After criticism led to its cancellation, SLĀV’s famed director Robert Lepage says the scrapping of the Montreal International Jazz Festival show is a “direct blow to artistic freedom.”
The show, performed by lead singer Betty Bonifassi, is described as “a theatrical odyssey based on slave songs,” but critics are calling it cultural appropriation.
In a statement released Friday on the Facebook page for Ex Machina, Lepage’s production company, the director said that if it were up to him, the show would still be running.
He says that he will let the critics and defenders of the show define cultural appropriation, “for it is an extremely complicated problem and I don’t pretend to know how to solve it.”
“To me, what is most appalling is the intolerant discourse heard both on the street and in some media,” Lepage writes.
Defending artistic expression
Lepage says that theatre has always been based on a simple principle: that of stepping into the shoes of another person to try to understand them.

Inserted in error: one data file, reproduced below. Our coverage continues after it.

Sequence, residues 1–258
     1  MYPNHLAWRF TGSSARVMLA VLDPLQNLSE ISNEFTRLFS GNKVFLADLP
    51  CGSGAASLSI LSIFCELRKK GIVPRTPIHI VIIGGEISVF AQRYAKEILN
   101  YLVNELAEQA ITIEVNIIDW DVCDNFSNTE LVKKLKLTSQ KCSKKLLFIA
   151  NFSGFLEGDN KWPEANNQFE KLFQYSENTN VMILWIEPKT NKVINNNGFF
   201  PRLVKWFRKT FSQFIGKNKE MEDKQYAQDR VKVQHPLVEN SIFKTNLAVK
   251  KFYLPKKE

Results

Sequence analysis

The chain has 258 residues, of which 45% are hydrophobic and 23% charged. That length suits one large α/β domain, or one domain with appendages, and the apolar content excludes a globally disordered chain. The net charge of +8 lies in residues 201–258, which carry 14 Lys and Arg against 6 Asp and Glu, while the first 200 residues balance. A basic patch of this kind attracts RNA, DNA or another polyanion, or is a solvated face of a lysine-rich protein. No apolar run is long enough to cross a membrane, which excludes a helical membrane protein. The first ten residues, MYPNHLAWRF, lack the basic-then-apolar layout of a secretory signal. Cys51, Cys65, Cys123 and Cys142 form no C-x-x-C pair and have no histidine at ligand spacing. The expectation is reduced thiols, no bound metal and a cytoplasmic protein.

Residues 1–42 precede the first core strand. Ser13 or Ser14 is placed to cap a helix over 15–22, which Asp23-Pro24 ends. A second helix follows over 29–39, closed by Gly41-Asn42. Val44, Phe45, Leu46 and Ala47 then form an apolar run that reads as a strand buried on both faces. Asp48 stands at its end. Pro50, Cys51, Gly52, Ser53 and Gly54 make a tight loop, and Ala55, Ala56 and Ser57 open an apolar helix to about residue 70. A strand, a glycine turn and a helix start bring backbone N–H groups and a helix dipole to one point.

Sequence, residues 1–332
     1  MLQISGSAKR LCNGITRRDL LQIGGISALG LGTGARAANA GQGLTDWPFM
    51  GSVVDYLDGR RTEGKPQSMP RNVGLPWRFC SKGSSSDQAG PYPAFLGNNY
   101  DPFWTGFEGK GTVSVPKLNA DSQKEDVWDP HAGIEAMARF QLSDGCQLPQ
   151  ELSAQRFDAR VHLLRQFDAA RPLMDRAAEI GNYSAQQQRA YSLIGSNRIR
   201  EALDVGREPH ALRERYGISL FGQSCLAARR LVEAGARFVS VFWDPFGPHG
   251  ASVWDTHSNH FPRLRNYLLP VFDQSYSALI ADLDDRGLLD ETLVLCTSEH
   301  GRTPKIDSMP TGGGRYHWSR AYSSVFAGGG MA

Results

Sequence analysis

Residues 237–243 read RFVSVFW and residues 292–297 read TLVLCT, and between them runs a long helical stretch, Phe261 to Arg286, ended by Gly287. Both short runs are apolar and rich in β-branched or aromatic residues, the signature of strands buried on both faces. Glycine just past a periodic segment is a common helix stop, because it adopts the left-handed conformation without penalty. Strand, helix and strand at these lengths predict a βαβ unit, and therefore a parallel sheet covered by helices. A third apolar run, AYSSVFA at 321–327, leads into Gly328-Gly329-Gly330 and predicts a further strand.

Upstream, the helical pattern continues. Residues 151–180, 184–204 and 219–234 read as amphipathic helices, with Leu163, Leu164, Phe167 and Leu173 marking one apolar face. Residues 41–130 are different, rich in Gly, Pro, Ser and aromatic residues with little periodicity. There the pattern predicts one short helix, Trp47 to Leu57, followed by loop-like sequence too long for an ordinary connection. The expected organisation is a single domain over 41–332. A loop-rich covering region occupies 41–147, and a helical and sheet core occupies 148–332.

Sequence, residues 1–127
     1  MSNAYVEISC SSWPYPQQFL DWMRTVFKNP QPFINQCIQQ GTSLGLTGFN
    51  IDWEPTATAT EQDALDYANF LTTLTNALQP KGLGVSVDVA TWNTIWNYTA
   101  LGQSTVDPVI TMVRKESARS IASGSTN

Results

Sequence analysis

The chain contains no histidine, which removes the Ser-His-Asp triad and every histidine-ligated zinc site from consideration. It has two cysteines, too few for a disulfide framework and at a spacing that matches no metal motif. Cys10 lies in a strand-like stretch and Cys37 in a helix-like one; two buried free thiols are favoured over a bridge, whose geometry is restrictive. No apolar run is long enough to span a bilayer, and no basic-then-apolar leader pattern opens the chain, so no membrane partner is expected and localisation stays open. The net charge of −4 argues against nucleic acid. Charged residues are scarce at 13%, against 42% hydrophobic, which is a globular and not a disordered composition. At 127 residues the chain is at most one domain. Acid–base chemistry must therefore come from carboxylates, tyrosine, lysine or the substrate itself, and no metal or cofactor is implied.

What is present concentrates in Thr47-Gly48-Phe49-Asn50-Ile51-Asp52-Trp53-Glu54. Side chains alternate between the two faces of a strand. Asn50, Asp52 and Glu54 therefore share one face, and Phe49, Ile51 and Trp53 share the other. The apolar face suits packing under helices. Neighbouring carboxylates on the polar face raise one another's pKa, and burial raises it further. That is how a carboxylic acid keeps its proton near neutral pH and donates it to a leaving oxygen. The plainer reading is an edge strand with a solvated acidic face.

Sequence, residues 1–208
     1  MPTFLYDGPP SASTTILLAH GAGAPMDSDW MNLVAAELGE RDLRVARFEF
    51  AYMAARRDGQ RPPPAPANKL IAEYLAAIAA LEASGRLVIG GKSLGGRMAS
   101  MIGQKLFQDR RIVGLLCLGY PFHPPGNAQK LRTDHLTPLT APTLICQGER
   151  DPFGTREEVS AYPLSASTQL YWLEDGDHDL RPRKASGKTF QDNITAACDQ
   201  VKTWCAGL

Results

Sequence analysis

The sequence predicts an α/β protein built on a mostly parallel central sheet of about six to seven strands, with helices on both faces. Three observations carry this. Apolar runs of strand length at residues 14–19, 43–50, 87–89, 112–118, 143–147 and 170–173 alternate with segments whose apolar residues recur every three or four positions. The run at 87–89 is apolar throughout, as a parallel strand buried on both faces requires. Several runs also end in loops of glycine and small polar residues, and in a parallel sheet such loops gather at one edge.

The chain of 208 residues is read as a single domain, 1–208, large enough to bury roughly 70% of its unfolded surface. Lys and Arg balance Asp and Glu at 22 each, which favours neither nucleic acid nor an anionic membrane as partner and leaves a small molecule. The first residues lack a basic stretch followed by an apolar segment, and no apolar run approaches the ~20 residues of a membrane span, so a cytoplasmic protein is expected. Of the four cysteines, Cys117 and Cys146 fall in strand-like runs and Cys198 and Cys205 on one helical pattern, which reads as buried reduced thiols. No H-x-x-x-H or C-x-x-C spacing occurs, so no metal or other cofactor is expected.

“When it is forbidden to identify with someone else, theatre is denied its very nature, it is prevented from performing its primary function and is thus rendered meaningless,” Lepage said.
In many of his other shows that addressed injustices involving “specific cultural groups,” Lepage says he was never accused of cultural appropriation or racism.
He says theatre is a “living art form,” and that plays evolve constantly according to audience reactions.” He said the show’s cancellation after three performances meant this could never happen for SLĀV.
“I will always demand the right for theatre to talk about anything and anyone,” Lepage said.